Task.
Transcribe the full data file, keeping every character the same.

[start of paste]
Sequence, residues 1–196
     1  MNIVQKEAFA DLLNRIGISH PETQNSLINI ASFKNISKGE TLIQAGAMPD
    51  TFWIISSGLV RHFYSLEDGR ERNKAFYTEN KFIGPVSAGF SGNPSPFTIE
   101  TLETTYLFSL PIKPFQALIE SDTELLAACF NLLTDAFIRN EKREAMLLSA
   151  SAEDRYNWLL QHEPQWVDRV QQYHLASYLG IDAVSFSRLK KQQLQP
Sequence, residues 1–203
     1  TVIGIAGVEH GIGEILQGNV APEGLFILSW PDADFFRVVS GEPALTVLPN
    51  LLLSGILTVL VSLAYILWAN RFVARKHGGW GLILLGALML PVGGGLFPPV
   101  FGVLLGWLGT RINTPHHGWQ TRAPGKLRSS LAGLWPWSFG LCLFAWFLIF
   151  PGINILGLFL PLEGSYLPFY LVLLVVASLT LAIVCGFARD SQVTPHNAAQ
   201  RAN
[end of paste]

Sequence, residues 1–196
     1  MNIVQKEAFA DLLNRIGISH PETQNSLINI ASFKNISKGE TLIQAGAMPD
    51  TFWIISSGLV RHFYSLEDGR ERNKAFYTEN KFIGPVSAGF SGNPSPFTIE
   101  TLETTYLFSL PIKPFQALIE SDTELLAACF NLLTDAFIRN EKREAMLLSA
   151  SAEDRYNWLL QHEPQWVDRV QQYHLASYLG IDAVSFSRLK KQQLQP
Sequence, residues 1–203
     1  TVIGIAGVEH GIGEILQGNV APEGLFILSW PDADFFRVVS GEPALTVLPN
    51  LLLSGILTVL VSLAYILWAN RFVARKHGGW GLILLGALML PVGGGLFPPV
   101  FGVLLGWLGT RINTPHHGWQ TRAPGKLRSS LAGLWPWSFG LCLFAWFLIF
   151  PGINILGLFL PLEGSYLPFY LVLLVVASLT LAIVCGFARD SQVTPHNAAQ
   201  RAN